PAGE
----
Berlusconi’s troubled and sexist relationship with women has undoubtedly attracted the foreign media’s attention. But this is not the only problem that Italian women face. Indeed, approximately 50% of them are out of employment and they earn, on average, 30% less than men doing the same job. Due to a lack of social services, moreover, the care of children and the elderly is often left to the family, namely to its female members. All the statistics show that life, for an Italian woman, is harder than in the rest of Europe, and not merely because of Berlusconi.
In January 2011 a group of women – including politicians, journalists, professionals and artists – launched an appeal to demonstrate in large numbers on February 13. Italian women had had enough, they said, and demanded their dignity. The call to action, the demonstration and the committees took the name _“Se non ora quando?”_, which means “If not now, when?”. The name was inspired by a novel by Primo Levi, about the Jewish, German and Polish partisans who fought against Nazi Germany.
The appeal was harshly criticized by Italian feminist organizations. The latter claimed that it seemed to concentrate on the latest sensational events to take place in the country and on the representation of women in the mass media, rather than speaking out against women’s working and economic conditions, and the endemic male violence in Italian society. Nevertheless, even the more radical feminist groups, with few exceptions, joined the demonstration, building their own political agenda.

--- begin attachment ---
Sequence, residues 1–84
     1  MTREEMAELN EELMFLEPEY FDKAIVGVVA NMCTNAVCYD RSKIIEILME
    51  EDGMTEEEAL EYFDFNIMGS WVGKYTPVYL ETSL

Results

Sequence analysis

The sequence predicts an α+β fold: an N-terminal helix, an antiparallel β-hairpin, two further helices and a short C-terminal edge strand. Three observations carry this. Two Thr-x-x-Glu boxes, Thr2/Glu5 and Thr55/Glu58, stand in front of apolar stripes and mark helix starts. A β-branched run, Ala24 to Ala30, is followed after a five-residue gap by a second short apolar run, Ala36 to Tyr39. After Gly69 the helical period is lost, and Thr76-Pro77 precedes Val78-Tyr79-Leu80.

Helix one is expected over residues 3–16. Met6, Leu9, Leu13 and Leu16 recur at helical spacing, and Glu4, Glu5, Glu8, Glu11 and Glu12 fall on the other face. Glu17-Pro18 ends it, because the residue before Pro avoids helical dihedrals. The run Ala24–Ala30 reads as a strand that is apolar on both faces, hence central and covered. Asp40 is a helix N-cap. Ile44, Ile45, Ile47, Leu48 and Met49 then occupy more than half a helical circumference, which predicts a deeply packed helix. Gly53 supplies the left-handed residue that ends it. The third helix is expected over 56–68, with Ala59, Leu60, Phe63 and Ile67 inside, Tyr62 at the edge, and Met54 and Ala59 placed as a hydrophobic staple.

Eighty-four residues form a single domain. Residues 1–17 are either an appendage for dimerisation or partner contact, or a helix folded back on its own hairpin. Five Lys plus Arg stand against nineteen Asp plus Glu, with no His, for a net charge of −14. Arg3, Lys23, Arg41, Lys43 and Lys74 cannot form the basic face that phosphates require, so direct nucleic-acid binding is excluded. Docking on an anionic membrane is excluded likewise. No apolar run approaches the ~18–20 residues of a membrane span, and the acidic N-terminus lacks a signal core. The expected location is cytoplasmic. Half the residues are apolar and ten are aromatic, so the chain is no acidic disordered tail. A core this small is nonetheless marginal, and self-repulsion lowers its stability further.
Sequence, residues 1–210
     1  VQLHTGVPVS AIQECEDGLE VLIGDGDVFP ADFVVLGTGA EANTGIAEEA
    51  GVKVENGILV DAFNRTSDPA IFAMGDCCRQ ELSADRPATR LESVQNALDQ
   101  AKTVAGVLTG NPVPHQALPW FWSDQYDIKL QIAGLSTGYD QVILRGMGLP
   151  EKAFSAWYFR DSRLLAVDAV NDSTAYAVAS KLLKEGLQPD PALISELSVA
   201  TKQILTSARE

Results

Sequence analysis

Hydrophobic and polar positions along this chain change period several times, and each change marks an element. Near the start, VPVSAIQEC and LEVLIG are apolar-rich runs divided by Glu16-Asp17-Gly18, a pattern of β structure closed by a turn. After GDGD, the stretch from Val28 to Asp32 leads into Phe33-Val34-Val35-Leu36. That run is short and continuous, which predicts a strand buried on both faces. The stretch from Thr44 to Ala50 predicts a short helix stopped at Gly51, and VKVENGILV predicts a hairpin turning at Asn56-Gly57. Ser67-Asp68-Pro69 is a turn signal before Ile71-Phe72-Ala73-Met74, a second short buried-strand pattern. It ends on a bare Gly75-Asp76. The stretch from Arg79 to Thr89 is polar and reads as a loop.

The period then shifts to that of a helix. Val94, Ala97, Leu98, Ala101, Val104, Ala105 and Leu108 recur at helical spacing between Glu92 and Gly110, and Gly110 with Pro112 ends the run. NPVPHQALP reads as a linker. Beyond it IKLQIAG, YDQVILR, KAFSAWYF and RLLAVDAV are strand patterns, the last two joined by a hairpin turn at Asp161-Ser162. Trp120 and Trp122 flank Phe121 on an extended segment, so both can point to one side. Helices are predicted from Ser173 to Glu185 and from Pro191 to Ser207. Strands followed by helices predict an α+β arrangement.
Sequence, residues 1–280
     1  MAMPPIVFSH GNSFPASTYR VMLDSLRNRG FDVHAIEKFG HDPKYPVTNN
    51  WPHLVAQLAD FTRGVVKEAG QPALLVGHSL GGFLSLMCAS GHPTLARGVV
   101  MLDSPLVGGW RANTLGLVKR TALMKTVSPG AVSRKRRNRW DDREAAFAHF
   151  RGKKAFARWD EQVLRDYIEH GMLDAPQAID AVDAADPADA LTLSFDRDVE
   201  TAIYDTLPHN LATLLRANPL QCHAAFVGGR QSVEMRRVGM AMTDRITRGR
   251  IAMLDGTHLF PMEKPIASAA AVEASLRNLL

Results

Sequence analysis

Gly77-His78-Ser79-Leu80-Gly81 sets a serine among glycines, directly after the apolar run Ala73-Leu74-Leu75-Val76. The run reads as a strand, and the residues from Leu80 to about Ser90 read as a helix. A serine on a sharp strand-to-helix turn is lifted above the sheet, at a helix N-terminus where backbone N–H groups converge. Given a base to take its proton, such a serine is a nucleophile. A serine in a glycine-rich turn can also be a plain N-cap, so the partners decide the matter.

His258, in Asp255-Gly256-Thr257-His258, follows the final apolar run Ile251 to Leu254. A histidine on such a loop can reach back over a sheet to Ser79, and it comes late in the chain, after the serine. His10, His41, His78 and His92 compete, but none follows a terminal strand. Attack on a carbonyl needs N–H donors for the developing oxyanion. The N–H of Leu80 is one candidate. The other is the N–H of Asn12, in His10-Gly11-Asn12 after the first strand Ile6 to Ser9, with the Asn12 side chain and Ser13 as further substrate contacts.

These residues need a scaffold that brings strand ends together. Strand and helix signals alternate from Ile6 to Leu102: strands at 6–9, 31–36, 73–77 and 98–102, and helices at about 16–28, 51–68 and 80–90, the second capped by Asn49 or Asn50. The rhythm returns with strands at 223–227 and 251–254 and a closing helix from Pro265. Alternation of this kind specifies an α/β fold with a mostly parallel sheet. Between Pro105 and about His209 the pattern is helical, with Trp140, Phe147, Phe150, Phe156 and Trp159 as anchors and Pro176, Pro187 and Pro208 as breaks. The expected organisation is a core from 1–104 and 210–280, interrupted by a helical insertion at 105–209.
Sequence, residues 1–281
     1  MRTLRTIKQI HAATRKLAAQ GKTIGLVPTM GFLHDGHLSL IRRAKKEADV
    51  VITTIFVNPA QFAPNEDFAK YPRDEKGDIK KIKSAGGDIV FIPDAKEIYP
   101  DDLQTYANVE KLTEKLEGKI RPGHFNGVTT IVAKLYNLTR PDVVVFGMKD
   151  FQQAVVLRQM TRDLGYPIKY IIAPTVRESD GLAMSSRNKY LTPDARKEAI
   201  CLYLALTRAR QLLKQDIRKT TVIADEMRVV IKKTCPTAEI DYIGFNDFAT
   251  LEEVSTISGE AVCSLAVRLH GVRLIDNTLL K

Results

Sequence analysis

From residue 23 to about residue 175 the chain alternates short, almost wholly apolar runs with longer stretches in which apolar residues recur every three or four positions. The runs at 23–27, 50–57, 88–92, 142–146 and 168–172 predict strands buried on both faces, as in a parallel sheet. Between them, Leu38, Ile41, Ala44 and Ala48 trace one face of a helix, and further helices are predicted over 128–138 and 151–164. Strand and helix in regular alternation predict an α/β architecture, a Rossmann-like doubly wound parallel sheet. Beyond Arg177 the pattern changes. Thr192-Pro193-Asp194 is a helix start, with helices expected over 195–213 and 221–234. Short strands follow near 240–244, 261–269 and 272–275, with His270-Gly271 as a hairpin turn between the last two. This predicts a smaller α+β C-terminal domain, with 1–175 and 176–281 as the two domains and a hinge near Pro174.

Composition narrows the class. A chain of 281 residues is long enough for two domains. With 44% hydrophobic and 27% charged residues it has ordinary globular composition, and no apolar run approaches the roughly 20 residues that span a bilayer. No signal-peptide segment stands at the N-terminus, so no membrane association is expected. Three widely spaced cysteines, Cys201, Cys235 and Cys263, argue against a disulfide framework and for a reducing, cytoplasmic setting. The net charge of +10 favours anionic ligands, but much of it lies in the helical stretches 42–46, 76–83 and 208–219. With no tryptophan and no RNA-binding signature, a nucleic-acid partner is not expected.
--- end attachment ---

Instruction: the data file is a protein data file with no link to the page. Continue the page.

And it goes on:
On February 13th, hundreds of thousands of individuals demonstrated all over Italy. Women and men of all ages gathered in dozens of squares of both small centres and big cities. In many cases the demonstrations were very spontaneous and free, overwhelming the parties and unions that were trying to guide it. In fact, while at Rome the demonstration ended with a large, official stage performance – in keeping with the tradition of big plaza events -, in Bologna the march did not follow the assigned course and instead proceeded to the central square, access to which had been denied by local authorities.
Generic chants such as “dignity for women” and “Berlusconi’s resignation” (“Dimissioni Berlusconi”) were heard alongside others such as “gender equality”, “stop the casualization of labour” and the demand for “more funds for women’s shelters”. It was the first time since the 1970s that women’s issues enjoyed such power to mobilize. On the whole, the event brought to the street a very diverse group of people, ranging from nuns to feminist organizations that fight against the power of the Roman Catholic Church; from right-wing female politicians to the most radical left-wing student groups.
Since then, _Se non ora quando_ has become a network of organized committees that works to keep attention focussed on women’s demands. It even called for another big event in Siena, Tuscany in July, however, this event didn’t receive the support of many feminist organizations, like _Femminismo a Sud_ (Feminism in the South), which considered it too “pink” and moderate, and attended by too many celebrities.
(it) Document http://senonoraquando13febbraio2011.wordpress.com/2011/01/30/ciao-mondo/
(it) Website http://senonoraquando13febbraio2011.wordpress.com/
(it) Document http://www.women.it/cms/index.php?option=com_content&task=view&id=940&Itemid=83
(it) Article http://femminismo-a-sud.noblogs.org/post/2011/07/12/se-non-ora-quando-o-le-feminisme-caviar/